As an amateur photographer, there are things about my craft which bother me. One of these is how often I will end a session or come back from a trip with one or two (or three, if I am lucky) good shots that are completely unrelated. Different themes, lighting, processing style, or locale give them a totally different feel from each other, and, for my own part, they cause me to feel like a snapshooter, and my online sharing to look sporadic and uninspired.
On a recent trip to the big city (Portland) I chose to take only my GM5 with Olympus 17mm f/2.8 lens for some street shooting. The 34mm-equivalent lens is good for taking in slightly wider street scenes, where a subject’s immediate surroundings and some background can be part of the picture. Further, I chose the camera’s Dynamic Monochrome art filter, giving me a contrasty black and white image through the viewfinder, though I also shot RAW for more latitude if I needed it in post processing. This gives me a good reference point for my finished monochrome image by saving the JPEG file, but gives me a better RAW file as an editing canvas.
I shot quite a few frames that day, mostly from the hip with the lens pre-focused to a set distance. This can be tricky and I’m by no means a master at it – the proof being in the pudding, as many of my shots were quite badly framed (the fixed LCD of the GM5 is not ideal for this type of shooting… but they managed it in pre-digital times, so I have no excuse!). There were only two that I liked enough to edit and print. But those two made me realize something when I displayed them together.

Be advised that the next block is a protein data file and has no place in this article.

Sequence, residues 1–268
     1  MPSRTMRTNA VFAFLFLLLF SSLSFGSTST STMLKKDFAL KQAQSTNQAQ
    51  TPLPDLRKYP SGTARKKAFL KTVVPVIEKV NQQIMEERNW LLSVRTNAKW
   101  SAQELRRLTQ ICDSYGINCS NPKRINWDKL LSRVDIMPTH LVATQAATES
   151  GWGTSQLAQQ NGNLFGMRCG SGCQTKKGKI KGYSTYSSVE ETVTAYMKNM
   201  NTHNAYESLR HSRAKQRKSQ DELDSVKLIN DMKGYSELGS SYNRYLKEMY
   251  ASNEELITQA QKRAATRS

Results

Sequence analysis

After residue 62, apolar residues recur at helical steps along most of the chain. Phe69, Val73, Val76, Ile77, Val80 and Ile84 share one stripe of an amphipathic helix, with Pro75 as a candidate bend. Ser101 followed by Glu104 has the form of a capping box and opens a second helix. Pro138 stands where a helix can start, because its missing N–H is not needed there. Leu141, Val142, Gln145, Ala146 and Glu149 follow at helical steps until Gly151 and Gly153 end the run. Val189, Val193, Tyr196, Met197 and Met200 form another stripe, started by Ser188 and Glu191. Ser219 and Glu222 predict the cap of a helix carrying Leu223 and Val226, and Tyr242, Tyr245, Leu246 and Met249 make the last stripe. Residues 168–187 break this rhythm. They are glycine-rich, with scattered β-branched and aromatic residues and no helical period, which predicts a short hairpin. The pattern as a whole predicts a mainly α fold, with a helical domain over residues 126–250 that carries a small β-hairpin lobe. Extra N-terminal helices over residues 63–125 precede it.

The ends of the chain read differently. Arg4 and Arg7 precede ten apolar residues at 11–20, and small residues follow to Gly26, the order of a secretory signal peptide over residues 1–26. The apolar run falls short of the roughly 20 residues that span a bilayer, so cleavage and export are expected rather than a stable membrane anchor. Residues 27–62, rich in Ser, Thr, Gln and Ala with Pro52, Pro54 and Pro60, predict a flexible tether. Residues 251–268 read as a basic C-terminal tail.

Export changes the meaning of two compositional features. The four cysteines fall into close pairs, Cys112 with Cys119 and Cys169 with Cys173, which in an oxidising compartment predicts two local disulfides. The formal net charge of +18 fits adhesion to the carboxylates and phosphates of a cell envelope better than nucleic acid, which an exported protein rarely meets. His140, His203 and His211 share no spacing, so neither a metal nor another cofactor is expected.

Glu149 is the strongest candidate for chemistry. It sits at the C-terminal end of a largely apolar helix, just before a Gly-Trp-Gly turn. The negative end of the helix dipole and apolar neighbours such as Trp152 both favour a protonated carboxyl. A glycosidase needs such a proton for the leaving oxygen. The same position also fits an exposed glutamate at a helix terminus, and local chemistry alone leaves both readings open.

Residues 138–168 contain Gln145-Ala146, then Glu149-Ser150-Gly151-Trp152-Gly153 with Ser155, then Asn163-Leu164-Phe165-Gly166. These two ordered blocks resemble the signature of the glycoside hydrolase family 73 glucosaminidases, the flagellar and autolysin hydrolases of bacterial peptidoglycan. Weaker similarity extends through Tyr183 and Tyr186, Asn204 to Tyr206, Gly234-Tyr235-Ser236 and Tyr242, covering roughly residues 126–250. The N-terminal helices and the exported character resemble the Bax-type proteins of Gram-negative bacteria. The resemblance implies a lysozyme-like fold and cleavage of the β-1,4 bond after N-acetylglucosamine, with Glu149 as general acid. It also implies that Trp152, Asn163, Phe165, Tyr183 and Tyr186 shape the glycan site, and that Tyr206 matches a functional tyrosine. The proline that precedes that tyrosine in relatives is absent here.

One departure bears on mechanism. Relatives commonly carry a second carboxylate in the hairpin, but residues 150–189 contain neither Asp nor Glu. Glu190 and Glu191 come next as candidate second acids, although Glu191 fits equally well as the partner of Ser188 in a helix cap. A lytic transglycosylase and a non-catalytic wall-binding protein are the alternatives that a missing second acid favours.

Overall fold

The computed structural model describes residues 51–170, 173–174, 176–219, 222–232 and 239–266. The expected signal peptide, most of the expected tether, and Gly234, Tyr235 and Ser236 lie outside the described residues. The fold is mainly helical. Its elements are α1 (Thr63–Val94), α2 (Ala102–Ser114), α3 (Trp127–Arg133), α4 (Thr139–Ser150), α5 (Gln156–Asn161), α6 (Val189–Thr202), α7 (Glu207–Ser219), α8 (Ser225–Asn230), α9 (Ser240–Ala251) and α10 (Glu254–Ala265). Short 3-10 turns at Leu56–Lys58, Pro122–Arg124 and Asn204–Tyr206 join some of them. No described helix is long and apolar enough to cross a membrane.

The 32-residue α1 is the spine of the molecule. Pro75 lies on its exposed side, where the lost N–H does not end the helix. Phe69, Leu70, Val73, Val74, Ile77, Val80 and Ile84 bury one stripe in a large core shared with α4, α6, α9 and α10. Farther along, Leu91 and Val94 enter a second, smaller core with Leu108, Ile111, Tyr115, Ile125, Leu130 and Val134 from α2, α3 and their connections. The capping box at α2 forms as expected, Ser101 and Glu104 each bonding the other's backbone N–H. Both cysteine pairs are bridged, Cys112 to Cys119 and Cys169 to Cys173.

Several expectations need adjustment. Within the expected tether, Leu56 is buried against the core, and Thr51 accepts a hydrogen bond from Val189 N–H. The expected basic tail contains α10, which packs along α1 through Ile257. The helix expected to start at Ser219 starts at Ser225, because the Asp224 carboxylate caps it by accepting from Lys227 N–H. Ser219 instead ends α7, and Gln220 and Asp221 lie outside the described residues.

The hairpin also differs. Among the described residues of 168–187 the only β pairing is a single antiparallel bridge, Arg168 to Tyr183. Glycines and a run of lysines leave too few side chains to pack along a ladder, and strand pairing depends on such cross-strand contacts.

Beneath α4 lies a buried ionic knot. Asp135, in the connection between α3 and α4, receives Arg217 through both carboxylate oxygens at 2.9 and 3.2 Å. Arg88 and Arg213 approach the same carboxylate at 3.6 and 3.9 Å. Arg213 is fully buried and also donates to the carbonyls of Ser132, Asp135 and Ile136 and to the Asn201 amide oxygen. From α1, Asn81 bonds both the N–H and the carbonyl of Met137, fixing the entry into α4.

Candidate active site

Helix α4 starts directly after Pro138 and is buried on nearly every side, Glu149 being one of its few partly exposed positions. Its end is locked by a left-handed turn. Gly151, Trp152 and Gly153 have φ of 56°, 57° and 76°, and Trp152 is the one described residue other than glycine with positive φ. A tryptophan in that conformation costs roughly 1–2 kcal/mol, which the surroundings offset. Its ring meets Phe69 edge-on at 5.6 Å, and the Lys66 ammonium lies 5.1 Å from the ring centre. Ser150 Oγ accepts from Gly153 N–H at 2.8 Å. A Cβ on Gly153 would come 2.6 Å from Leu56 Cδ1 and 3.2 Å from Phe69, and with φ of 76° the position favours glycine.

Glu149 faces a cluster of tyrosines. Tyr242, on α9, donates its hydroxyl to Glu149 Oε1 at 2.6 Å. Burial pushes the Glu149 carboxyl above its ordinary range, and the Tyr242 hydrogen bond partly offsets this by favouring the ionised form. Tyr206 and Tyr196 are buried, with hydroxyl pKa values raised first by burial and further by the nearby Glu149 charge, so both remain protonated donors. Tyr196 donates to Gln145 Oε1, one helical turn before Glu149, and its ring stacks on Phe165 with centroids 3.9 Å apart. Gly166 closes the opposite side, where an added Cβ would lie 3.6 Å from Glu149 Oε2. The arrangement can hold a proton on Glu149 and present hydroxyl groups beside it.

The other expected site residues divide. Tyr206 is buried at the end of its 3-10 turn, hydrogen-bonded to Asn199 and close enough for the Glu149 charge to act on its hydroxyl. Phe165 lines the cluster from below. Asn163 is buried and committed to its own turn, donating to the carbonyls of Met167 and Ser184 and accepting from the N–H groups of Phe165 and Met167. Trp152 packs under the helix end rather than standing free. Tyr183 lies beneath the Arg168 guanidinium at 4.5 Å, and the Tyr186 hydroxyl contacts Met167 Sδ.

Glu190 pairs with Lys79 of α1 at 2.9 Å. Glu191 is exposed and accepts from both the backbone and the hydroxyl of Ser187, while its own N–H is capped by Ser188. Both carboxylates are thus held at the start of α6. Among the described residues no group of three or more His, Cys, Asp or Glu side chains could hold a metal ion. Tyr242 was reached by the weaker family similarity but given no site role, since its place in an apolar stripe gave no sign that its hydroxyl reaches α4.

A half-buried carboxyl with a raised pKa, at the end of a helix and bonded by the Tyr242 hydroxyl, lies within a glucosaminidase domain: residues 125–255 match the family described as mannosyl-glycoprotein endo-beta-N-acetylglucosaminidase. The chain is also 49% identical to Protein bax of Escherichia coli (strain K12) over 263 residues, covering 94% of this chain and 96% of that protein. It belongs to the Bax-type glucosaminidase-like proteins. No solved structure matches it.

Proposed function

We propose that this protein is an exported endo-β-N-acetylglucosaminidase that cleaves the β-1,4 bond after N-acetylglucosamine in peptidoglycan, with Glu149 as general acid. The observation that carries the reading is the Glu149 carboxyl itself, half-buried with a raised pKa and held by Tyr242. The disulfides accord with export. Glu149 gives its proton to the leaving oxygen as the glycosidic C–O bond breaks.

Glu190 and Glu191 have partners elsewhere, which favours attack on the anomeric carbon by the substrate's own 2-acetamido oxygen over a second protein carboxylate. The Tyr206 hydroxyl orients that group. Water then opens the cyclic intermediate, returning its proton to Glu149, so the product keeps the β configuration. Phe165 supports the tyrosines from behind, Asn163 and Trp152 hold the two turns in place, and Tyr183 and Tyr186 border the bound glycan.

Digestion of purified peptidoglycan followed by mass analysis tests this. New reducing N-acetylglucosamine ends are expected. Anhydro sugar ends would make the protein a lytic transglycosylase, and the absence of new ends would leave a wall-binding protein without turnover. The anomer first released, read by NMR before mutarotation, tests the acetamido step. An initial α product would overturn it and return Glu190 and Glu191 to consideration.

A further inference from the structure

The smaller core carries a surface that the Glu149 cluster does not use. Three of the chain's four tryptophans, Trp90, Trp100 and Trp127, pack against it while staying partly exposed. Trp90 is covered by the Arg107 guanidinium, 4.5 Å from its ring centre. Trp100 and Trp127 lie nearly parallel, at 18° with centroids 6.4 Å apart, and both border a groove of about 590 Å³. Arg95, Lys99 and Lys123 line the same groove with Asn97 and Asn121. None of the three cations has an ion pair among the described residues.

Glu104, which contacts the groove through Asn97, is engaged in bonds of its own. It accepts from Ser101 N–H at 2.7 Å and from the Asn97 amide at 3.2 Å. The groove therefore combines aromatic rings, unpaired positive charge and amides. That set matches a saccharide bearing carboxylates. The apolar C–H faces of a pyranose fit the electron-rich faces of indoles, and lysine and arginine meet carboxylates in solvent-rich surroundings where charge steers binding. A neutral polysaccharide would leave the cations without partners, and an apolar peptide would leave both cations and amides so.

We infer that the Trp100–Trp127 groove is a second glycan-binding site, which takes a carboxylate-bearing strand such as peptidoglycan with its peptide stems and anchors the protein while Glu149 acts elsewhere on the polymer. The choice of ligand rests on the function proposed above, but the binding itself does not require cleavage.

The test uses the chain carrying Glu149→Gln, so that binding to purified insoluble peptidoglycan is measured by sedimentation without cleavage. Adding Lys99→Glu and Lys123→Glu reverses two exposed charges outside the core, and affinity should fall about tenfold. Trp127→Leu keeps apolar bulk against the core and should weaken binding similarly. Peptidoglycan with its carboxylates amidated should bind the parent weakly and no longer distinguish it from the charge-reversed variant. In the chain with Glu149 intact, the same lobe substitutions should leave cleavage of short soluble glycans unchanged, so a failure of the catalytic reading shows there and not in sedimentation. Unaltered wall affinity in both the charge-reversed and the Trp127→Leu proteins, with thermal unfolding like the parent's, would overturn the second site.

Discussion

By themselves, neither stands out particularly. But together, both exhibit rather unconventional angles, which I used to try and balance the geometry. In the first image, this was done by leaving the shadowed edge of the building beneath which I stood angling into the top left in the opposite direction than the right-hand building leans in. In the second image, the strong tilt was an unintentional by-product of hip-shooting, but I left it that way rather than trying to straighten it, as the background buildings line up in a zigzag horizon that fascinates me. Both they and the two gentlemen convey a sense of movement left to right. This attempt to harmonize the jumble of architecture, to my eye, unites the two.
So, herein is the opportunity: rather than create one image which you like, work off that image and find something to tie another image together with it. Try not to stop there, but create another. The stronger the tie or ties, the better. But, key to the success of this endeavor, you need to display the connected images together. I really like printing, and places like Ikea have very inexpensive frames. Surveying work you’ve put together, rather than one-offs, is a very rewarding feeling and, I believe, can strengthen your photography.